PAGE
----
Based loosely on research surrounding Singing for the Brain, this project is run by 14 volunteers including 2 musicians, for people living with dementia, as well as their friends and families. With themed events taking place throughout the year, Musical Memories surrounds singing, with encouraged gentle movement and dancing.

Relaxed Community Cinema

Once a month, Prestwick’s Community Centre transforms into a relaxed, dementia friendly cinematic experience. Classic films are on show in the afternoon with subtitles – the room does not become dark like traditional cinemas and the film volume remains at a lower level. Everything is free for the audience, who are free to move about throughout the showing.

Stonehouse Jubilee Club

The Stonehouse Jubilee Club is a social afternoon for people with dementia and their carers which has been running since 2012 in the rural community of Stonehouse. The dementia friendly club is the only one of its kind in a 15-mile radius of the village and provides people living with dementia the chance to listen to music, dance and take part in other activities in a safe and supportive environment.

BEST EDUCATIONAL INTIAITVE

This category recognises innovative educational and learning initiatives which help develop knowledge, skills, attitudes and behaviours that help to change thinking about dementia and the potential of people with dementia. Our finalists are:

Enhancing inpatient care using the Promoting Excellence Framework

SCN Gillian Grubb and SCN Kerry Lowe are committed to enhancing inpatient care for people living with dementia using the Promoting Excellence Framework. Starting with a 2-day bespoke interactive training programme encouraging healthcare staff to share knowledge, skills and experiences at Skilled Level of the Promoting Excellent Framework, the pair have also attended Cognitive Stimulation training. SCN Grubb is also a graduate of the Dementia Specialist Lead programme and to date has run five 2-day courses in Stress and Distress in Dementia.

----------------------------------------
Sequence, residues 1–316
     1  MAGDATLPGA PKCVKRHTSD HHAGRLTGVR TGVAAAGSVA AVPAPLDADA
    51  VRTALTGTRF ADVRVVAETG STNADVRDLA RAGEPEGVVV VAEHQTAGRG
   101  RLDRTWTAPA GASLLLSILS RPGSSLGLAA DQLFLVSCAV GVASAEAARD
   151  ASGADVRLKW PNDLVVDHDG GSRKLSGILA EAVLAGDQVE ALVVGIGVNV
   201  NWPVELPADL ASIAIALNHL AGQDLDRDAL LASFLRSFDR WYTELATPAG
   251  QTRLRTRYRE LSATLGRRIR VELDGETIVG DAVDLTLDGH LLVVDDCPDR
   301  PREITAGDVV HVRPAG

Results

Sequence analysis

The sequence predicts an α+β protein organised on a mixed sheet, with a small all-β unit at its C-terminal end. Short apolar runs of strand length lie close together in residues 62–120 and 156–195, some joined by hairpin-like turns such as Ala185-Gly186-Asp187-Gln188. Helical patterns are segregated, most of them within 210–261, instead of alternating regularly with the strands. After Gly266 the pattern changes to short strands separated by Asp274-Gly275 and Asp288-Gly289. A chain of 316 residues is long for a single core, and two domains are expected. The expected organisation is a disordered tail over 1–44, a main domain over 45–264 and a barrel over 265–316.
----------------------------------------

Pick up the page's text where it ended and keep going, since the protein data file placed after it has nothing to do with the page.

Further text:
East and Mid-Ross Older Adult Mental Health Team

The team is committed to improving care for the growing number of people with advanced dementia living in their own homes, through support given to the staff who provide daily care for people with dementia who have complex needs. This includes holding discussions with home care providers keen to update their skills and knowledge as well as arranging specialist dementia training for home care staff.

MOST INNOVATIVE PARTNERSHIP

This category looks to highlight partnerships or partners working in innovative ways to contribute to more positive experiences and outcomes for people living with dementia, their families and their local communities. Our finalists are:

Football Memories Scotland

Football Memories Scotland is a national network of reminiscence groups which provide therapeutic interventions for people living with dementia. The groups work in football clubs, community halls, libraries, sheltered housing complexes, care homes, day care centres and hospitals to provide reminiscence activity either in a group format or on a one to one basis.

Dementia Dog

Dementia Dog Project is a collaboration between Alzheimer Scotland and Dogs for Good that pioneers new approaches to explore how highly trained dogs can help improve the wellbeing of people with dementia and their carers.